Location! Location! Location: Know When a Role Will Not be for you

We’ve all been there: an excellent new job has come up and it’s in the local area. You meet all of the requirements and you’re smiling away as the application goes in. Then, you visit the website and the office is, seemingly, in the middle of nowhere. 

You scramble to your laptop to try to spot any feasible public transport options, only to find that the office is three miles from the closest bus stop. You work out the price of a monthly bus pass and the pay rise that, only a few minutes ago, seemed like a goldmine is now a tiny increase.

Even if the role is reachable, you need to consider the area - what will you do on your lunch break? Spending an hour on an industrial estate with nothing besides offices may not be what you want after years working in the middle of a bustling city centre. 

Looking to move away? Make sure you check living costs 

For those of us who are looking to relocate, there is much more to consider than the job itself. 

Often, areas offering the highest salaries come with bigger living costs. London is a prime example of this, with rental costs often reaching double the national average. When this is taken into account, a pay rise could actually leave you out of pocket at the end of the month. 

To ensure you do not waste your time on roles that are simply implausible, you should investigate the rental market close to your potential office and create a monthly budget. 

Even factors such as the cost of petrol, council tax, insurance and transport should all be considered. 

All these factors may seem too stressful for some, but there is much to gain from relocating. If you do the right research and learn about the area and job, you could rejuvenate your career.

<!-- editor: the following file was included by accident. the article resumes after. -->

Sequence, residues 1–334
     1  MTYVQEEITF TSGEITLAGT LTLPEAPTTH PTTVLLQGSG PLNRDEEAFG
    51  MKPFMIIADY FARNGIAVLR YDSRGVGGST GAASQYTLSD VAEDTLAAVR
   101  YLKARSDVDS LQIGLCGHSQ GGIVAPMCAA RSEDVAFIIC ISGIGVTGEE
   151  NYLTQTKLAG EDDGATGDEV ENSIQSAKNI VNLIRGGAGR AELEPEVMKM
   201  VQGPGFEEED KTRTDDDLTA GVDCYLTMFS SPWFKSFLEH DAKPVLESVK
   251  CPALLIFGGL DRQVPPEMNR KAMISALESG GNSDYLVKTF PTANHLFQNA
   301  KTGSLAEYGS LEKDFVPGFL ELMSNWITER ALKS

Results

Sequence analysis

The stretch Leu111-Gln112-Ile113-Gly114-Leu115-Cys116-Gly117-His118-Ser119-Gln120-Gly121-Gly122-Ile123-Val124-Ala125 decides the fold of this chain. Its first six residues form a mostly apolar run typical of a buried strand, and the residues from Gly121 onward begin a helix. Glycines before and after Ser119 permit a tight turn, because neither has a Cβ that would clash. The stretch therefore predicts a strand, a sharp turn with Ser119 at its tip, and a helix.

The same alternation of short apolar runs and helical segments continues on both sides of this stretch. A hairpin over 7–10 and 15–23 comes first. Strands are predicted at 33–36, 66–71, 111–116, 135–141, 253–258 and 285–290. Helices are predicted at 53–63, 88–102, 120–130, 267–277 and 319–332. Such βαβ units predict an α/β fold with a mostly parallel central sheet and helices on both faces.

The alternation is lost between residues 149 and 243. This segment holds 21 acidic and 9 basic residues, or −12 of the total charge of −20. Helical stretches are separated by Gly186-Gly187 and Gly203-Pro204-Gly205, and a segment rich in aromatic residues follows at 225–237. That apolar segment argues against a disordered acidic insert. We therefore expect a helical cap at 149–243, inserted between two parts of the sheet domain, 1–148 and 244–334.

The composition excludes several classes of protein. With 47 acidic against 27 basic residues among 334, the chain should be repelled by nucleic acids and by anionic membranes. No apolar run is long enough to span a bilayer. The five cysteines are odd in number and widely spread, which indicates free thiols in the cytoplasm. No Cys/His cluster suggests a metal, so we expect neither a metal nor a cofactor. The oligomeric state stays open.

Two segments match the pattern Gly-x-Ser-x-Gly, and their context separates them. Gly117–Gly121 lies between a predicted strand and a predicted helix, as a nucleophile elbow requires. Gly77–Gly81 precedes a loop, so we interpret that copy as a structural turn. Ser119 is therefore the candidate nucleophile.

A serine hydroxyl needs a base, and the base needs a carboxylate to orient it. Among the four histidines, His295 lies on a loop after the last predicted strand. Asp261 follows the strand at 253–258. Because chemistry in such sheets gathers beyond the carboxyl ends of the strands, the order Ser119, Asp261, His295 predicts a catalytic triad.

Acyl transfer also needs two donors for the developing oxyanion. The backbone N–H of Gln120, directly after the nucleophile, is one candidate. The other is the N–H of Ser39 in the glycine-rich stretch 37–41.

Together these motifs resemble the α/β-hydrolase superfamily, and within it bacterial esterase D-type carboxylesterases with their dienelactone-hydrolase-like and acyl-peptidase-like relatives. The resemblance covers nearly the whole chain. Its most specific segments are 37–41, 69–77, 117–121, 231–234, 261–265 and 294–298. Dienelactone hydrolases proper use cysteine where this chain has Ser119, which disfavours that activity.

There is a lot to learn from moving to a new place. It could make you more independent, self-reliable and confident, but there is no need to rush into relocating until you are completely certain it is the right decision for you. 

Get by with a little help from your friends

Although money is important, you need to guarantee yourself a high quality of life wherever you are going and it’s always helpful to have friends nearby.

Some candidates are happy to explore a new area and make friends, while others prefer to be around those they are close to. Before considering which areas to live in, ask yourself: do I know anyone in the area? And, if not, will I be happy away from my close friends?

Moving to a new city is equal parts challenging and exciting, so make sure you have considered how a move would affect you emotionally before you agree to a move. 

What are the career options in the area?

When starting a new job, the last thing on a worker’s mind is moving to another new role, but it is important to check the career options in the area. 

It may be the case that the region is undergoing an economic boom, with many new jobs emerging in your chosen field, or the area may be weaker economically. Either way, this should be factored in to your job search as you never know when your next position could come along. 

If you are located near a number of cities, there could be the option to commute to another area to further your development and increase your employability. For example, if you are based in Leeds, Manchester, Sheffield and York are all nearby. 

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